The Maine Parentage Act | Augusta Attorneys Lipman & Katz

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The Maine Parentage Act (MPA) now in effect

By Karen E. Boston, Esq.

The Maine Parentage Act became effective July 1, 2016. Senator Roger Katz was one of the co-sponsors of this law which was intended to update Maine’s family law to be consistent with today’s parenting. The Maine Parentage Act can be found in Chapter 61 of Title 19-A, M.R.S.A. §1831 through §1938. Here are some important things to know about the Maine Parentage Act.

Maine Parentage Act toddler

1) The act is non-discriminatory and provides, in part: "every child has the same rights under the law as any other child without regard to the marital status or gender of the parents or the circumstances of the child's birth."

2)  Persons who may bring proceedings to establish parentage include (See 19-A Section 1835):

a) A child
b) The woman who gave birth to the child
c) A person whose parentage is to be adjudicated/determined
d) DHHS
e) A representative of the individual who is authorized by law to act for an individual who would otherwise be able to maintain a proceeding but who is deceased, incapacitated or a minor 

3)  Maine Rules of Evidence have provided a presumption of parentage for the spouse of the child’s mother. The MPA now “codifies” this – makes it part of the statute. 

4) The Maine Parentage Act provides in certain circumstances that an unmarried partner of a child's mother can be recognized as the child's legal parent. Section 1881(3) (Nonmarital presumption established) states: "A person is presumed to be a parent of a child if the person resided in the same household with the child and openly held out the child as that person's own from the time the child was born or adopted and for a period of at least two years thereafter and assumed personal, financial or custodial responsibilities for the child." A presumption such as this may be rebutted only by a court determination.

5)  The Act recognizes legal parentage of children born using assisted reproduction.

6)  A court may determine that a child has more than two parents (i.e., mother, father and de facto parent.)

7)  A proceeding to challenge the parentage of an individual whose parentage is presumed under the statute must be commenced not later than two years after the birth of the child except under limited circumstances.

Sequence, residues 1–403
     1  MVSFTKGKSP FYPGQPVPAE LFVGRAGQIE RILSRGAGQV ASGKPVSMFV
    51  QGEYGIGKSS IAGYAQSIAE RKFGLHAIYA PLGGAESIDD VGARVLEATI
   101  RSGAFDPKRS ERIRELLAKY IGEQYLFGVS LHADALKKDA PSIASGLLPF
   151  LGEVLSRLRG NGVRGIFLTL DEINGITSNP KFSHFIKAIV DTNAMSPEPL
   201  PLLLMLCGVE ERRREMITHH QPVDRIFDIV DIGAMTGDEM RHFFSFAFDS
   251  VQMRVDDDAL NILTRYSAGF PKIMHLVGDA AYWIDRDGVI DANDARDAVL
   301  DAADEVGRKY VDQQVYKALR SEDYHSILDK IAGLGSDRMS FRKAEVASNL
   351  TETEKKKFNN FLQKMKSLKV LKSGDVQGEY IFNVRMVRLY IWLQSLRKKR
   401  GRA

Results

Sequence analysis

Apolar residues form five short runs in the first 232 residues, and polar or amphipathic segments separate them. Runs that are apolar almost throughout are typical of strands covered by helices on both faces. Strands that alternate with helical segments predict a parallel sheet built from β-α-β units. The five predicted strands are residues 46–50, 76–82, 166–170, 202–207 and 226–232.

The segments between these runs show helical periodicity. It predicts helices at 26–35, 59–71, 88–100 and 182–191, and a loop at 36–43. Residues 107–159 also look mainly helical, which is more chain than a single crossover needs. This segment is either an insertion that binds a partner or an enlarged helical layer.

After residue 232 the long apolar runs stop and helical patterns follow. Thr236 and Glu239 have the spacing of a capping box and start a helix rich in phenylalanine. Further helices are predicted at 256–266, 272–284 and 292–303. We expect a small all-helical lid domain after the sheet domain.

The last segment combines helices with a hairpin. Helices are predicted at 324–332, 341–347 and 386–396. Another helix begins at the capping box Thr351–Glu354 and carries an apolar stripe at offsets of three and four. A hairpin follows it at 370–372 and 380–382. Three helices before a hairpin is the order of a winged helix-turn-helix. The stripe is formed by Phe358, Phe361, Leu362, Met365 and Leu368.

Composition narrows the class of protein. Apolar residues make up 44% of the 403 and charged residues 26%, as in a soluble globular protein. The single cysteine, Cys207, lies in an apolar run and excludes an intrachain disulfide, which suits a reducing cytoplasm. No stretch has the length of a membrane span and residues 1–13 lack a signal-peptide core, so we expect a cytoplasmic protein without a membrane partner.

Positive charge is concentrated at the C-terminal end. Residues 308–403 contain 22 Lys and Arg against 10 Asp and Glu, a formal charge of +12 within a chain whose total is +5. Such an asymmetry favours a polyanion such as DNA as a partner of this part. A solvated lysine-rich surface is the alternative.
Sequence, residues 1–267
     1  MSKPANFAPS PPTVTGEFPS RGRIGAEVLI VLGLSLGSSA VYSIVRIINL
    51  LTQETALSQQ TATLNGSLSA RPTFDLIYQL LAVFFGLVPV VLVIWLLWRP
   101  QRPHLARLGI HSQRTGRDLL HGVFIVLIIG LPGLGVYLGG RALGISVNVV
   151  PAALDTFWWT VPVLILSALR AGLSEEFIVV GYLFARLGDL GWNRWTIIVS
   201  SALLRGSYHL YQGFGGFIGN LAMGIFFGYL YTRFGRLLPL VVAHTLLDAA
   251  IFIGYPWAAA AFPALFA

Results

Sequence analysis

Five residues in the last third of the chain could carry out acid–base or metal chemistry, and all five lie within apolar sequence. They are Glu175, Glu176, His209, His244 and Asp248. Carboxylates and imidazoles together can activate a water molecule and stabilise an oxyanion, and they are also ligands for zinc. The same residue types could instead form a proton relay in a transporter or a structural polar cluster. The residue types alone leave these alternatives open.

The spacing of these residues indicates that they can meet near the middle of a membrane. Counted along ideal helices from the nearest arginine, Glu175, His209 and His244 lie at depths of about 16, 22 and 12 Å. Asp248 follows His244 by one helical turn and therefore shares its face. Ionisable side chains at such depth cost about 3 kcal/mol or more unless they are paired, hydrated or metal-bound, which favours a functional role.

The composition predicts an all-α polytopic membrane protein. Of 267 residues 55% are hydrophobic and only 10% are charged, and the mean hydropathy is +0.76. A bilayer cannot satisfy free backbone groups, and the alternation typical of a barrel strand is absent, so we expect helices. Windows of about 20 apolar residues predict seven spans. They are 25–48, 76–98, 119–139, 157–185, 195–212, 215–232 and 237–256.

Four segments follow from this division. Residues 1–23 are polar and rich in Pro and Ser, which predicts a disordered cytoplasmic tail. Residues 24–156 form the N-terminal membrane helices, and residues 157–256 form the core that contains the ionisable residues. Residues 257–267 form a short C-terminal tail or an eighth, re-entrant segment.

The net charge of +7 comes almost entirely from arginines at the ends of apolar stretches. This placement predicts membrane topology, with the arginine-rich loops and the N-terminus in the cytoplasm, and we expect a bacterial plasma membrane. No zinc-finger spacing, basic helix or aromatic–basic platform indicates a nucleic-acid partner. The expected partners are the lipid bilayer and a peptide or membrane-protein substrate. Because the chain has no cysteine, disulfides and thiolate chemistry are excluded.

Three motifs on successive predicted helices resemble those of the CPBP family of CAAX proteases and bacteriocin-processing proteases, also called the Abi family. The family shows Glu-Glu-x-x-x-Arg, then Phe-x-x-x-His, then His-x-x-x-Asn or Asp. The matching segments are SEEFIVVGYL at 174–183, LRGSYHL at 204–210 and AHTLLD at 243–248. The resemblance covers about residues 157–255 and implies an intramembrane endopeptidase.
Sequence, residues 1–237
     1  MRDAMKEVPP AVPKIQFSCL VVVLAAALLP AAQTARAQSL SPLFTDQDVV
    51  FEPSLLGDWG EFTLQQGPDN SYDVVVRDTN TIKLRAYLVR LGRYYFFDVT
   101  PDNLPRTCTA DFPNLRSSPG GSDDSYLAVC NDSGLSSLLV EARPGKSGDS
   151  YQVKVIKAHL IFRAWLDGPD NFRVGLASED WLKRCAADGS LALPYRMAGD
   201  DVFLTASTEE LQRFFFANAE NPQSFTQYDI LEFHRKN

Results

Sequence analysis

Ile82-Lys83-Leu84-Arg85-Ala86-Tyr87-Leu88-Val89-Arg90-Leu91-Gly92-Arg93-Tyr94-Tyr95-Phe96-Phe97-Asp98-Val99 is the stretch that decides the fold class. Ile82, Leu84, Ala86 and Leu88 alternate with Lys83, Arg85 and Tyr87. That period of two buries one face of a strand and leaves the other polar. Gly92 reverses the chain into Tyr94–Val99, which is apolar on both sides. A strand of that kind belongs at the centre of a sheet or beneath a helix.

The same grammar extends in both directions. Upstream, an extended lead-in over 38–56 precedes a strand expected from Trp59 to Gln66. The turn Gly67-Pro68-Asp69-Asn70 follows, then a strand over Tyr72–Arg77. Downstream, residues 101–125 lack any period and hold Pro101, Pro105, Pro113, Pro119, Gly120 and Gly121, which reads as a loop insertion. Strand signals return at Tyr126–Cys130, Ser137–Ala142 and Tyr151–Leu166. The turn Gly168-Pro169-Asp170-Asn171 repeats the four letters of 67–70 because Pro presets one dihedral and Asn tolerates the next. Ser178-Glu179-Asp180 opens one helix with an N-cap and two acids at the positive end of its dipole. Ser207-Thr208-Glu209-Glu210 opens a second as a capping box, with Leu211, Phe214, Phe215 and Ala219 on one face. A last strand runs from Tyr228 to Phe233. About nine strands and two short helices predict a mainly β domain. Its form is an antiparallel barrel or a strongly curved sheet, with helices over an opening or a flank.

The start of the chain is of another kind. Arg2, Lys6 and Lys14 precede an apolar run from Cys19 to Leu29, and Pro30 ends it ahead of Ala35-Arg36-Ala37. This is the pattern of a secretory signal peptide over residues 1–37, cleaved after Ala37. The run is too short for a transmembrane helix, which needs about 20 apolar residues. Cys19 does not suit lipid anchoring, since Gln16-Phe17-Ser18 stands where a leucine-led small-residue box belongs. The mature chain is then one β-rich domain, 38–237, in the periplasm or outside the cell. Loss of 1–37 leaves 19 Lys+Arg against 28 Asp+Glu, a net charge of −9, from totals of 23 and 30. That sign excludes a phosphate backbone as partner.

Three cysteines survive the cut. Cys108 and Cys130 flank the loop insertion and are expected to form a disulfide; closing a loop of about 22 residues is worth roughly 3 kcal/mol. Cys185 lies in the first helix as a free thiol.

8)  The statute provides that parentage may be established by:

a. Birth
b. Adoption
c. Acknowledgment
d. Presumption
e. De facto parentage
f. Genetic parentage
g. Assisted reproduction
h. Gestational carrier agreement

9)  A donor (a person who contributes a gamete or gametes or an embryo or embryos to another person for assisted reproduction or gestation, whether or not for compensation) is not a parent of a child born through assisted reproduction unless the contribution is used for assisted reproduction for the donor's spouse or the donor has been deemed a parent in a written agreement with the child's other parents. See Title 19-A §1832 and 1922.

10)  The Maine Parentage Act regulates gestational carrier agreements, including standards for eligibility to be a gestational carrier and eligibility to be an intended parent or parents. A gestational carrier agreement must meet specific requirements set forth in the statute. See Title 19-A §1931. A gestational carrier under the statute is an adult woman who is not an intended parent and who enters into a gestational carrier agreement to bear a child using gametes of other persons and not her own except as set forth in the statute. See Title 19-A §1832(10).

A person who is considering either establishing or challenging parentage should consult with an attorney with experience in handling family law matters. Under the Maine Parentage Act, there are specific provisions that must be adhered to in many instances to protect one's rights.